The Art Nouveau movement started in the late 19th century as a rejection of mass-produced adornments and decor, which is ironic considering how much mass-produced jewelry was subsequently created in the Art Nouveau style. Victorian-Era industrialization had made jewelry widely available for the first time, as factories stamped out generic, fussy scroll designs in metal and sold them to the emerging middle class. Quickly, master artisans and craftspeople rebelled, asserting the importance of high-quality, one-of-a-kind, handcrafted furnishings, glassware, pottery, and jewelry.
Practitioners of Art Nouveau (or "The New Art" in French) adopted an asymmetrical, flowing, organic aesthetic that contrasted with the uptight, frilly, and historic styles favored by Victorians. French goldsmiths like Georges Fouquet and René Lalique, as well as American glass artist Louis Comfort Tiffany, made high-end pieces out of fine metals, enamel, glass, and precious and semi-precious gemstones, employing Art Nouveau themes like flowers, winged insects, and lovely ladies with long, sinewy hair. Lalique, in particular, came up with new techniques for using glass, enameling, and "humble" materials such as horn to make beautiful, wearable pieces of art.
World-traveling stage actress Sarah Bernhardt, known for her exotic and flamboyant head-to-toe adornments, flaunted this new style of jewelry on stage and off. Wearing Byzantine and Egyptian inspired pieces, she even put her pet chameleon on a gold chain to wear as a living brooch. In France, Maison Gripoix made cheap knockoffs of Bernhardt's jewelry out of metal, paste, and enamel, and these were snatched up at fashionable Paris boutiques. Bijoux Bardach made some of the diva's pieces—and likely, the most popular copies.
Piel Frères in Paris specialized in cheap but high-quality Art Nouveau jewelry, like its luxurious blue-green enamel peacock-feather belt buckle. This family jeweler, copying costumes seen in popular stage plays, replaced ivory with a new plastic called celluloid and used gilt copper and silver to achieve the look of gold. Companies like Rouzé and Mascaraud made stylish gilt fantasy pieces that were stamped out of metal by machine, but hand-finished.
Yes, the refreshing Art Nouveau aesthetic had a universal appeal, even to those with limited means, prompting factories to begin producing cheaper versions of the looks created by artisans. Starting around 1890, U.S. firm Gorham Corporation trademarked a line of "Martelé" jewelry that had a Gallic feel. Another American company, Unger Brothers, sold Art Nouveau-style jewelry in vermeiled silver. Other U.S. manufacturers—like Krementz and Frank M. Whiting—reproduced French Art Nouveau looks, but in low machine-made quality. Not surprisingly, by around 1910, Art Nouveau had reached its oversaturation point.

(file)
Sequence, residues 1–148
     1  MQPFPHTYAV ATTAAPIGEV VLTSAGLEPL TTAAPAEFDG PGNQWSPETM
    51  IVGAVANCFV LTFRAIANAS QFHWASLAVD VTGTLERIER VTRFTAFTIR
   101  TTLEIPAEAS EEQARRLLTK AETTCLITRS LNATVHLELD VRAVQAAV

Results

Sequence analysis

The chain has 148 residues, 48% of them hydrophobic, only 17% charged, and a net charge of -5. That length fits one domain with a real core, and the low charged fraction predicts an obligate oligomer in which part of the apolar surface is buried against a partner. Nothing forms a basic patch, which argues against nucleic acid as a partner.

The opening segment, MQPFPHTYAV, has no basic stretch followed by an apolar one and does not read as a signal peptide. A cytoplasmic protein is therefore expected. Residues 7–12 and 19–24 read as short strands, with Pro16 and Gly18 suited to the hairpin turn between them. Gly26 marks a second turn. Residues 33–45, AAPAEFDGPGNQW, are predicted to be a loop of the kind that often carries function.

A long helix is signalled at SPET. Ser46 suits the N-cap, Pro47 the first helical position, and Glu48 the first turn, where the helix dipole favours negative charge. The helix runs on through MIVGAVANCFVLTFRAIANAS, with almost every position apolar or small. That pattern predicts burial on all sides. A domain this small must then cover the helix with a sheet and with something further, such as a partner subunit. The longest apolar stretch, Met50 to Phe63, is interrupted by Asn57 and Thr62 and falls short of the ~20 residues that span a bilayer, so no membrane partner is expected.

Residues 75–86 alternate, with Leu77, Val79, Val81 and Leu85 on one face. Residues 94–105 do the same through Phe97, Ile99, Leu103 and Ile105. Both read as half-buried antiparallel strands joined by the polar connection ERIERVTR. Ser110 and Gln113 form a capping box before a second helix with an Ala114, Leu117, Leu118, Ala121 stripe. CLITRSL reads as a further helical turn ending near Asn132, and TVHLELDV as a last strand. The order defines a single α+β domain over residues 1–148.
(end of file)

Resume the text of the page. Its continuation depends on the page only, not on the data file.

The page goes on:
The term "costume jewelry" was first coined in the Art Deco era, which started in the 1920s and lasted until World War II. Also known as "streamline moderne," Art Deco embraced industrialization where Art Nouveau rejected it. Inspired by the Bauhaus and Cubist schools of art, as well as Mayan ruins and King Tut's tomb, Art Deco was all about rigid geometric symmetry, abstraction, and smooth, straight lines, as well as edgy new materials like chrome, steel, platinum, and plastics like Bakelite.
Deco style was a different sort of rebellion: The flapper, known as "la garçonne" in France, represented a new level of freedom for women—to be sexually adventurous and androgyno...
Around the same time, Hobé was making big, dramatic jewelry with rhinestones for the costumes of the "Ziegfeld Follies," which may have something to do with the name "costume jewelry." Elsa Schiaparelli quickly followed with a line of Dada-inspired jewelry using large, fake gemstones.
While celluloid had been used to imitate tortoiseshell, jade, coral, wood, and horn, the new plastic resin known as Bakelite—which came in bold colors like Apple Juice, Butterscotch, and Salmon—became the go-to material for long, beaded necklaces and large, chunky bangles that emphasized thin, tantalizing flapper arms. Chrome and steel were used in brooches, necklaces, and bracelets that mimicked the movements of machines and resembled nuts and bolts.
Emerging costume jewelers like Trifari and Coro, following the lead of fine jewelers like Cartier, made rhinestone brooches, dress pins, earrings, necklaces, and bracelets in abstract geometric Art Deco styles that sometimes took the shape of Mayan and Egyptian pyramids, skyscrapers, automobiles, and airplanes. Both of these costume jewelers introduced clever dress-pin sets, that could be worn separately, or together on a brooch, and these, too, came in angular Art Deco shapes. Flowers became more stylized, while jewels took on Arabic, Turkish, Aztec, and Chinese patterns.
Diamanté rhinestones were also forged in the bold new shapes mimicking fine-jewelry diamonds: baguettes, trapezoids, batons, and squares known as calibré. In the mid-1920s, black-and-white looks were particularly chic, so diamanté crystals were set with black glass or enamel, a.k.a fake onyx, in beaded necklaces and other pieces.
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Clubs & Associations
- American Society of Jewelry Historians
- Association for the Study of Jewelry and Related Arts
- Society of Jewellery Historians
- Costume Jewelry Collectors International